Sometimes it’s difficult to recognise that it’s time for a brand refresh. Why continue with a brand refresh if your business is growing successfully? Many high-growth organisations grow organically, without any calculated direction. Things take off. Your team grows. New offices open. Your product line triples. And growth mode may take place without making plans for how the brand will adjust and flex as the organisation develops.
At these times, decisions are frequently made that assist an internal team deal with change. In a number of different cases, this means that some of the main brand components end up holding more meaning for those inside of the company, however, lack meaning for other important audiences – prospects, customers as well as recruits – who also matter to the success of the brand.
The warning signs of an exclusively internal-facing brand are plentiful: internal names for your product, add-on brands or – alternatively -a website that has been pieced together, mirroring the evolution of the company. These common indicators demonstrate that important audiences have been forgotten. If this sounds all-too familiar, your brand needs to start looking outside itself.
An Outdated Look And Feel
Just because you are still able to wear clothes from high school or university doesn’t mean you should! Fashion styles are frequently representative of their era and – as time passes – those styles change. Similarly, some brands just look visually dated really need an update. With a few exceptions, failing to convey a progressive “with the times” message visually can be a detriment to your brand.
Remember that the point of branding is to stand out from the competition however you don’t want to stand out for totally the wrong reasons. This doesn’t need to be a wholesale change – just a modernising of the overall brand look. Apparently, you’ll want to leverage the equity that you already have in your existing brand, however, bring that brand into the modern era.
Are There Coffee Stains On Your Brand?
The little things truly do matter in your brand experience with your customers as well as prospects. The coffee stain theory, in a nutshell, states that you are able to do everything right with your brand experience however if you neglect some details (for example an airline which leaves a coffee stain on the tray table) it questions all other types of details that may not be paid attention to – such as maintenance.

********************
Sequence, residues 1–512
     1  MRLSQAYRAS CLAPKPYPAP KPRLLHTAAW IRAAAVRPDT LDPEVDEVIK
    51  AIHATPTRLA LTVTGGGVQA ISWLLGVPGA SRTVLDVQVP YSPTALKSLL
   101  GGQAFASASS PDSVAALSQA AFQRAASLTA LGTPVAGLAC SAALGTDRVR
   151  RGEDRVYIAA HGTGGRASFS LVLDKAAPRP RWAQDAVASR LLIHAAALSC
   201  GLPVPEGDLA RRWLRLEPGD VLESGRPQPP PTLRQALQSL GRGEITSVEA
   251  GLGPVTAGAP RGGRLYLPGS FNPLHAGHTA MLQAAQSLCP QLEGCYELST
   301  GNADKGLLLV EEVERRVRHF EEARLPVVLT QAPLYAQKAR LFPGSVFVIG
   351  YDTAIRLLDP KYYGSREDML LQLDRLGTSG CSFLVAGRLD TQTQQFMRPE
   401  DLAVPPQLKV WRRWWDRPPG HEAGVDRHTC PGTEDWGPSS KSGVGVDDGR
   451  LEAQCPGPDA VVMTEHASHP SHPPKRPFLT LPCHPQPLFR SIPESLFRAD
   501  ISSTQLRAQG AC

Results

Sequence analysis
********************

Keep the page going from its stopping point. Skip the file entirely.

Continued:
Here are some “coffee stains” that you should think about regarding brand experience:
- If your brand stands for quick reaction times and you don’t respond to mentions or inquiries on social media, you could have a coffee stain.
- If your brand claims to have personalised service – and your marketing materials serve up generalised “picked for you” merchandise that isn’t – you could have a coffee stain.
- If you are a precision manufacturer, and your website is not up to date, you could have a coffee stain
- If you are a bank, and you don’t have a good mobile banking experience, you may have a coffee stain.
The point is that sometimes the tiniest things (even if they are not important to you) can put people off of your brand. Their beliefs of you can change dramatically with one single experience.
For many high-growth organisations, add-on brands have made your brand architecture irrelevant. Do you have one brand or a number of different brands? A branded house? Or a house of brands? How do all of your products fit under the umbrella of your brand? Assess how all the different products, business units, and pieces of your brand fit together.
Don’t allow organic growth to lead the way. Develop your brand architecture in order to help people understand your business, products as well as services. Allow that architecture to work for today and accommodate for tomorrow.
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